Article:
The official blog of University of Missouri Skeptics, Atheists, Secular Humanists, & Agnostics
Welcome to the official MU SASHA daily blog!
First time here? Read this.
(573) 424-0420 cell/text
Dave Muscato is Vice President of MU SASHA. He is a vegetarian, LGBTQ ally, and human- & animal-welfare activist. A junior at Mizzou majoring in economics & anthropology and minoring in philosophy & Latin, Dave posts updates to the SASHA blog every Monday, Thursday, and Saturday. His website is http://www.DaveMuscato.com.
and don’t forget… other SASHA members! We are here for you, too!
P.S. Today’s post is just making a point. A friend of mine posted a picture on her Facebook profile, of a lesbian couple hugging, with the caption, “Just a cute lesbian couple :3 nbd”. It’s received 29 likes in the past 19 hours.
I commented, “And on your right, you’ll notice a cute lesbian couple. Don’t tap on the glass, please. And on your left…” which received 5 likes.
The point I’m making is simply that I dream of the day when we can say, “Just a cute couple” without having to point out that they’re black, white, LGBTQ – or straight, for that matter.What difference does that make? Why even say it?
While I of course respect and care about my friend, and appreciate what she’s trying to do with her Facebook post, I think it’s not simply unnecessary, but disrespectful to draw attention to the fact that they’re gay.
When I was a teenager, I loved Star Trek: Deep Space Nine (my favorite series was always Captain Picard’s Star Trek: The Next Generation, but I had a big crush on Lieutenant Dax from DS9, too). In the DS9 series, one of the main characters, the commander of the station, Captain Sisko, is played by an actor named Avery Brooks.
Some years later, I heard an interview with the actor talking about how important it was for him to play the role of Captain Sisko on the series. He said that (I’m paraphrasing), as a black man, it was important to him that, in the 24th century, there were black officers in high-up positions, and that this was an opportunity for him to be an actor as well as be an advocate for social progress.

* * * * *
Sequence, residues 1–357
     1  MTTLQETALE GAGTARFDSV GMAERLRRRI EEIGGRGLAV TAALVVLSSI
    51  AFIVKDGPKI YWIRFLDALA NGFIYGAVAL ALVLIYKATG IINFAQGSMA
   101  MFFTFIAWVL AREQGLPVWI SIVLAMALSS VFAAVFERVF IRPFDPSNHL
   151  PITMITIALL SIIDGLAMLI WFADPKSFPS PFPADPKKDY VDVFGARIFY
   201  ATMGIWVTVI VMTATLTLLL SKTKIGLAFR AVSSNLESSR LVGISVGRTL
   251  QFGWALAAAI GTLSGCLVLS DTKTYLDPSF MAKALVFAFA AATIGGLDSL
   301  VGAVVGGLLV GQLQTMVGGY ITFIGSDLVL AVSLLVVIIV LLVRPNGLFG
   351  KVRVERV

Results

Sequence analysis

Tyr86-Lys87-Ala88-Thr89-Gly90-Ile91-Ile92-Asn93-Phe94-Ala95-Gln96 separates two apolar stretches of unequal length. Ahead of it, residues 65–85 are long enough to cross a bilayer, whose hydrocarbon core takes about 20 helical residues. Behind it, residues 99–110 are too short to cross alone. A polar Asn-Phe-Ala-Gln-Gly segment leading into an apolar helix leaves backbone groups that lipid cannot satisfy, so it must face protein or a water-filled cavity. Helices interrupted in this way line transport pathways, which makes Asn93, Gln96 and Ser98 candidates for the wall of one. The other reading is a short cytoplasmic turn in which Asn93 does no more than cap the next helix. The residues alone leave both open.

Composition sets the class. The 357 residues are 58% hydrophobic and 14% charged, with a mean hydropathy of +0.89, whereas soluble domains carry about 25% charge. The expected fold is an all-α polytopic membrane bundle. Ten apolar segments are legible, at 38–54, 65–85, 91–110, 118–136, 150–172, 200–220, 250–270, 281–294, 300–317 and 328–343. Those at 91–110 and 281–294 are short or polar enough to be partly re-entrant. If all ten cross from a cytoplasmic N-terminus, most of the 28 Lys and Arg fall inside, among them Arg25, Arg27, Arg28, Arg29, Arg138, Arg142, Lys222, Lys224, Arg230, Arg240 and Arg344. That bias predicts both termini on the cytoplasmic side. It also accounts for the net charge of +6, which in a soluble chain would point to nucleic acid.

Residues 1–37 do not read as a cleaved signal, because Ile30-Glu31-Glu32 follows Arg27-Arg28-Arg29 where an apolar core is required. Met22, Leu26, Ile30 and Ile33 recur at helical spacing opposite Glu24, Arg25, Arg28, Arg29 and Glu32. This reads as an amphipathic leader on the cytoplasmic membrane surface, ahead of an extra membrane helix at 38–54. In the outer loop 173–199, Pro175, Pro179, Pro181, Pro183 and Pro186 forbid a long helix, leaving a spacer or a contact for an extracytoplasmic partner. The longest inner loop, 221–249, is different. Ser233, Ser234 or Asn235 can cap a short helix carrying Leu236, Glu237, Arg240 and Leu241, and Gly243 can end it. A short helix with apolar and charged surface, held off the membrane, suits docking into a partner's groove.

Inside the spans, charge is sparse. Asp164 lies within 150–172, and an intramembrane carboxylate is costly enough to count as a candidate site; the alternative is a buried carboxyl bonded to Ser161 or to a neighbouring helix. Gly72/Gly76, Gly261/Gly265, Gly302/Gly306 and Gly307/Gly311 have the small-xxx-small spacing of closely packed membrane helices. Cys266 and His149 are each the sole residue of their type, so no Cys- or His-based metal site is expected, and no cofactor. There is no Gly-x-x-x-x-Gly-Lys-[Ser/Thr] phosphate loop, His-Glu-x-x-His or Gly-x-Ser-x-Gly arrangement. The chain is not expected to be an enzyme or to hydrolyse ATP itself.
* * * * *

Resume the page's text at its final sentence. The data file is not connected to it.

When I first heard that, my reaction was, “He’s black?” Then I thought, “I mean, yeah, of course he is. I just never thought about that before.”
It never actually occurred to me that Captain Sisko was a black captain. I had always simply thought of him as “captain.” Pointing out that he was “black” seemed to me – 9 years old when the series started – as… well, unnecessary, and weid. It seemed a random thing to draw attention to. Captain Sisko was also bald. He also liked baseball and seafood. It seemed about as arbitrary to me as the actor saying, “As a baseball fan, it was important that, in the future, there were baseball fans in high-up positions, and that this was an opportunity for me to be an actor as well as an advocate for baseball.”
Looking back on this now, I think about the fact that, in 1993 (when this series came out), it was really only about 25 years after the height of the civil-rights movement in this country. Avery Brooks – 45 at the time the series started – would have had clear memories as a 16-year-old of the passage of the 1964 Civil Rights Act, and as a 20-year-old of Nobel Peace Prize-winner Martin Luther King, Jr’s assassination in 1968. It made a lot more sense to me why Brooks would have this attitude toward portraying a black Starfleet captain looking at things from this perspective. But as a 9-year-old unaware of all of that, it seemed normal and even insignificant that the actor was black. I just enjoyed watching him and the other characters be all bad-ass in the 24th century – curing plagues with science, exploring the far reaches of the galaxy, playing baseball in the holosuites, and learning about other cultures.
I guess what I’m saying is, I thought we were past pointing out things like whether someone is straight or not when saying whether they’re cute or not. But if it took 25+ years after the passage of the Civil Rights Act for people to get over that kind of thinking in terms of race, I suppose it’s wishful thinking that we’re going to get over this kind of thinking so quickly, considering that it’s only been 7 years since the first US state legally recognized same-sex marriage. Maybe it’s a generational thing… Maybe in 2060, when 45-year-olds who were born in 2015, who have no memory of a time before gay marriage was legal in all 50 states (let’s hope)… maybe they will think it’s weird when we point out cute couples with the qualifier that they’re gay. I hope it doesn’t take that long, but either way, I hope I’m around to see it 🙂